2.1.3 LEAN MANUFACTURING ................................................................................ 22
2.1.4 CONTINUOUS IMPROVEMENT ......................................................................... 24
2.2 OPERATIONAL EXCELLENCE IN THE PHARMACEUTICAL INDUSTRY ........... 25
2.2.1 EVOLUTION OF OPEX IN THE PHARMACEUTICAL INDUSTRY ........................ 26
2.2.2 ST.GALLEN OPERATIONAL EXCELLENCE MODEL .......................................... 26
2.3 QUALITY MANAGEMENT ................................................................................ 28
2.3.1 EVOLUTION OF TOTAL QUALITY MANAGEMENT .......................................... 28
2.3.2 QUALITY MANAGEMENT CULTURE ............................................................... 31
2.3.3 QUALITY MANAGEMENT AS COMPETITIVE ADVANTAGE.............................. 33
2.3.4 20TH CENTURY OF QUALITY MANAGEMENT .................................................. 33

V
CONTENT

2.4 QUALITY MANAGEMENT IN THE PHARMACEUTICAL INDUSTRY ................. 36


2.4.1 ISO 9000 SERIES OF STANDARDS .................................................................. 37
2.4.2 ICH Q10 – PHARMACEUTICAL QUALITY SYSTEM (PQS) .............................. 40
2.4.3 QUALITY METRICS......................................................................................... 43
2.4.4 QUALITY METRICS IN THE PHARMACEUTICAL INDUSTRY ............................. 46

3 THE ST.GALLEN QUALITY SYSTEM MODEL ....................................... 52


3.1 DESIGN OF THE ST.GALLEN QUALITY SYSTEM MODEL ............................... 52
3.2 ELEMENTS OF THE ST.GALLEN QUALITY SYSTEM MODEL ......................... 53
3.2.1 LITERATURE REVIEW ..................................................................................... 53
3.2.2 THE ST.GALLEN QUALITY SYSTEM MODEL .................................................. 55
3.3 SUMMARY ........................................................................................................ 56

4 THE ST.GALLEN QUALITY SYSTEM ANALYSIS .................................. 57


4.1 DATA GATHERING AND DATASET .................................................................. 57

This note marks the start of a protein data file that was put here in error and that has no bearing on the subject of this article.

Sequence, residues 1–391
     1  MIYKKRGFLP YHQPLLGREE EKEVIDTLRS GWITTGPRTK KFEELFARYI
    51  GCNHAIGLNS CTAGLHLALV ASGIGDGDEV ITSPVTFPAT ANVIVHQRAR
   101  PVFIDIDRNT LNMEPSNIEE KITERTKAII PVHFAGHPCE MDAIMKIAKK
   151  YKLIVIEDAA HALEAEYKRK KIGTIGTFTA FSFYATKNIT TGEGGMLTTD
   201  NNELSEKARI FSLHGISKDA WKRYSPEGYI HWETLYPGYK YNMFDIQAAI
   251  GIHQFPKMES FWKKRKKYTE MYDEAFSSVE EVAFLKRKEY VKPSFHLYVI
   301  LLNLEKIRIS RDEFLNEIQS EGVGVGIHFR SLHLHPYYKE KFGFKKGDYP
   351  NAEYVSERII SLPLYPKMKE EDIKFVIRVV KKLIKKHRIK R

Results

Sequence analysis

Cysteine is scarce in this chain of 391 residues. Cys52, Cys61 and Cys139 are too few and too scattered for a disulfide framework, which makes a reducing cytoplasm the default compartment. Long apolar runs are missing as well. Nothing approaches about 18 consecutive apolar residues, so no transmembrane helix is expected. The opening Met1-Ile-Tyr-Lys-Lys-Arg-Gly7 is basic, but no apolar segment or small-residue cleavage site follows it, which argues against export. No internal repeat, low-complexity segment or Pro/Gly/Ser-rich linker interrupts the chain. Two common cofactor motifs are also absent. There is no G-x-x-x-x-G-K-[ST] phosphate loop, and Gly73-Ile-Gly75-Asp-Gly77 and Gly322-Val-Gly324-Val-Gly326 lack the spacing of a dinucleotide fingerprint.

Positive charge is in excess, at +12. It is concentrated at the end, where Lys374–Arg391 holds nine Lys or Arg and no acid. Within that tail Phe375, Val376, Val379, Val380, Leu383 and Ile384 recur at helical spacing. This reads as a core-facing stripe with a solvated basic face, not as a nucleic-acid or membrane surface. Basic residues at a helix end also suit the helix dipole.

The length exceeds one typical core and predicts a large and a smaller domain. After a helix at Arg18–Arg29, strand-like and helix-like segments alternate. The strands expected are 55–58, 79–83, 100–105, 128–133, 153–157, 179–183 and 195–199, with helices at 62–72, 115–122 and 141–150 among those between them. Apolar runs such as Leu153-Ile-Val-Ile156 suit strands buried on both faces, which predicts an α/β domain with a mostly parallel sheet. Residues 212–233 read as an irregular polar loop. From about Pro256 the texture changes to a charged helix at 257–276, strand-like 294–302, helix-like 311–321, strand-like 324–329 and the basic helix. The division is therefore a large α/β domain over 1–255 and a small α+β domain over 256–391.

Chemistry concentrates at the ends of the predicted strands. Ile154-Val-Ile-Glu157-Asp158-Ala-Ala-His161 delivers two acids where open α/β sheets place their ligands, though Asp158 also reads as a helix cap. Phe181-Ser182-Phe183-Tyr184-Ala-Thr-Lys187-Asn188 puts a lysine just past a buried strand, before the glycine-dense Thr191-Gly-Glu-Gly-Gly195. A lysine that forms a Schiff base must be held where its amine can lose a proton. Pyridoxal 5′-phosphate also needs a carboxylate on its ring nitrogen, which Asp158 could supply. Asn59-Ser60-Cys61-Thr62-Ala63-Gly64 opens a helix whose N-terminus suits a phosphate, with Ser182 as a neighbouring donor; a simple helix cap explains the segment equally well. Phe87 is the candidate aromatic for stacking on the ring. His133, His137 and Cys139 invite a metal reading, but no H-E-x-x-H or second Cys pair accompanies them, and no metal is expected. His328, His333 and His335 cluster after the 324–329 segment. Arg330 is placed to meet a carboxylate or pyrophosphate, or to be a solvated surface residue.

4.2 THE ST.GALLEN QUALITY METRIC ............................................................... 59
4.2.1 QUALITY COMPLIANCE .................................................................................. 63
4.2.2 QUALITY EFFECTIVENESS .............................................................................. 64
4.2.3 QUALITY EFFICIENCY .................................................................................... 66
4.2.4 QUALITY ENGAGEMENT ................................................................................ 67
4.2.5 ST.GALLEN OPEX PERFORMANCE ................................................................ 70
4.2.6 SUMMARY AND CONCLUSION ........................................................................ 72
4.3 PATH ANALYSIS: ST.GALLEN QUALITY METRIC EVALUATION ................... 73
4.3.1 INTRODUCTION – PATH ANALYSIS ................................................................ 73
4.3.2 STATISTICAL ANALYSIS ................................................................................. 74
4.3.3 SUMMARY AND CONCLUSIONS ...................................................................... 98
4.4 ST.GALLEN QUALITY BENCHMARKING....................................................... 102
4.4.1 INTRODUCTION ............................................................................................ 102
4.4.2 DATA EVALUATION ...................................................................................... 102
4.4.3 BENCHMARKING RESULTS ........................................................................... 103
4.4.4 SUMMARY AND CONCLUSION ...................................................................... 114

5 APPLICABILITY OF THE QUALITY SYSTEM ANALYSIS ................. 115


5.1 CASE STUDY METHODOLOGY ...................................................................... 115
5.1.1 CASE STUDY DESIGN ................................................................................... 115
5.1.2 CASE SELECTION ......................................................................................... 117

VI
CONTENT

5.2 CASE STUDIES ................................................................................................ 118


5.2.1 INTRODUCTION ............................................................................................ 118
5.2.2 STRUCTURE OF THE CASE STUDIES.............................................................. 119
5.2.3 CASE A......................................................................................................... 122
5.2.4 CASE B ......................................................................................................... 128